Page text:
Dance. Floor.

26 Sep 2014

I challenged myself to a six-day swing dancing gathering in Munich, my first serious social dancing after a year of training. Here are some things I noticed.


For every minute I spend on the floor, I spend ten watching, learning, copying. But as the night gets later and the floor fills up, this stops working. They’re moving too fast, too fluidly, and even when I focus on a couple in side-by-side charleston, deliberately observing for a single move (“Right - watch how he gets out of this”), it happens so quickly that I can’t replay it in my mind.

The skill gap is too big. It’s like trying to learn Newton’s laws of motion by observing the operation of a particle accelerator.

Even my dance partners aren’t in a position to show me things, not generally, because of the lead/follow nature of the dance. The best I get is “can you switch to eight count”, the thick German accent carrying more sympathy than impatience.

The lessons, back in London, don’t help much either. Performing a set routine is so different to social dancing that, without careful observation, you can’t even see the basic steps hidden inside the dancer’s movements.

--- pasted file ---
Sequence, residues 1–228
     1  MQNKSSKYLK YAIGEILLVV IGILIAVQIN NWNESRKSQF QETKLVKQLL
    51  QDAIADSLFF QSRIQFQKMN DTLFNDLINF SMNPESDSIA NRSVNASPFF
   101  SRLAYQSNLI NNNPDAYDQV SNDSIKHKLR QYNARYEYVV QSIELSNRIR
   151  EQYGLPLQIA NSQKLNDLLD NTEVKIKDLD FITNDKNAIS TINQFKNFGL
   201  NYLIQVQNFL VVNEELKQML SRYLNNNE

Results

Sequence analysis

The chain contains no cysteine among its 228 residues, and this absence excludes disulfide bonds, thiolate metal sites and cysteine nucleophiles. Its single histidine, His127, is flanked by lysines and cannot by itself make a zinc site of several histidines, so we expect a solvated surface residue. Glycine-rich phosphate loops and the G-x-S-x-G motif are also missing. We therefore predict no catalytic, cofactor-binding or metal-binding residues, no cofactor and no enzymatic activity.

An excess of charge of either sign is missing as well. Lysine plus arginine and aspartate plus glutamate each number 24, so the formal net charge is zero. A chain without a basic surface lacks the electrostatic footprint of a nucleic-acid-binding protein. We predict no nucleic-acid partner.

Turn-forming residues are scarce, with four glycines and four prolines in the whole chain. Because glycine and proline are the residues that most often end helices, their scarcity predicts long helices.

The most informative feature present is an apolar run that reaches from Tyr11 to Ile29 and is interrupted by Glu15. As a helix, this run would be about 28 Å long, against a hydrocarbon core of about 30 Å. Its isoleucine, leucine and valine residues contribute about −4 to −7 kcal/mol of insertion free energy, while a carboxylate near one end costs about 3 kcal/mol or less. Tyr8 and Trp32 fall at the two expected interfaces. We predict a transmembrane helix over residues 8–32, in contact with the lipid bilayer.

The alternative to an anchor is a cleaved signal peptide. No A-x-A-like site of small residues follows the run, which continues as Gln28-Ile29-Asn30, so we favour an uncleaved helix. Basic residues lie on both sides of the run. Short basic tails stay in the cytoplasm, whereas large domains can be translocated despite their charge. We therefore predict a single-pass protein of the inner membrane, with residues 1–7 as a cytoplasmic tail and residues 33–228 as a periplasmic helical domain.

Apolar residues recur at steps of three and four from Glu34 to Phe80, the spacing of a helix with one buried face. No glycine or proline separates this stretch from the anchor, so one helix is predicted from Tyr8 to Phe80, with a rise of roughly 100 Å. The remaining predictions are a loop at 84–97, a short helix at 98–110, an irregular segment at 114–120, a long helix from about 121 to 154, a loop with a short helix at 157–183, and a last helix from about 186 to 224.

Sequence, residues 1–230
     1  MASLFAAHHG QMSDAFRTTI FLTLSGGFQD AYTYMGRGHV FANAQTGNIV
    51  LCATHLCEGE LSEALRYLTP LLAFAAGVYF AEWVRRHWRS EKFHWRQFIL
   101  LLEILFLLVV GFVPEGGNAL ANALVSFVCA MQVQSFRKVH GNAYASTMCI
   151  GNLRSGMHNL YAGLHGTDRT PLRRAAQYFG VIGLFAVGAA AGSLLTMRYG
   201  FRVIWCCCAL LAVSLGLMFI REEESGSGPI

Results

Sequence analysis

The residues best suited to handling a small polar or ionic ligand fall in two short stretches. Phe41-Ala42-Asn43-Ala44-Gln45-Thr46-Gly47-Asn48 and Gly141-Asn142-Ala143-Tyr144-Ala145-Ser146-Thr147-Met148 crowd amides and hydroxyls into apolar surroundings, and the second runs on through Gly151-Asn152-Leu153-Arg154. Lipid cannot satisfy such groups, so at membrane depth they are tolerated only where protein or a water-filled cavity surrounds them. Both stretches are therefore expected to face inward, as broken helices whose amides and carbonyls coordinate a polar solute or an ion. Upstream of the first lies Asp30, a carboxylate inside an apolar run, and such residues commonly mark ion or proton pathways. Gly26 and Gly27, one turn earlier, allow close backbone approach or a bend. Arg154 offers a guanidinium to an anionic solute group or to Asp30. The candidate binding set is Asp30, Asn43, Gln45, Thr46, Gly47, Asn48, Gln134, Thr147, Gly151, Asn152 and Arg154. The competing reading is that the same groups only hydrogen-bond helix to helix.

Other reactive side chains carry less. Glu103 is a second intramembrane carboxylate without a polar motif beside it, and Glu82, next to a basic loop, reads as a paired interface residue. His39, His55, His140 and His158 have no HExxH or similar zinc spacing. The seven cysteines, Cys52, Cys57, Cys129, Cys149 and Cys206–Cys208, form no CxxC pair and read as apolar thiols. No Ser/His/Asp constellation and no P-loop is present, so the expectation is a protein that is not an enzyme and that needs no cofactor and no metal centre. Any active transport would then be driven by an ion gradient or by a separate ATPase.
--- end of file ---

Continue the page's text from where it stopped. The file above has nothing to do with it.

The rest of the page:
It would be so easy, if I were in a room of people at and slightly above my level, social dancing slowly, observing and copying each others’ moves, talking about them after each dance. Deliberate practice. But that’s not how this goes. This is a terribly inefficient way to learn, and still not yet, not quite, fun.

But I am here, and I am doing this, and I will do this.


I get chatting to someone who, while very accomplished, is hesitating to ask anyone else to dance, because she’s been turned down a few times in a row. That doesn't happen to me: as a lead, I'm statistically in demand. But, instead, I lose confidence by dancing badly (as judged solely by me, since nobody here judges anyone else). When I get rattled, I don't just get more reluctant, I actually get worse.

Confidence is a resource, like willpower, like physical energy, and it too needs managing. It seems obvious, now, but I stumbled on a way to regenerate it: I went for a run.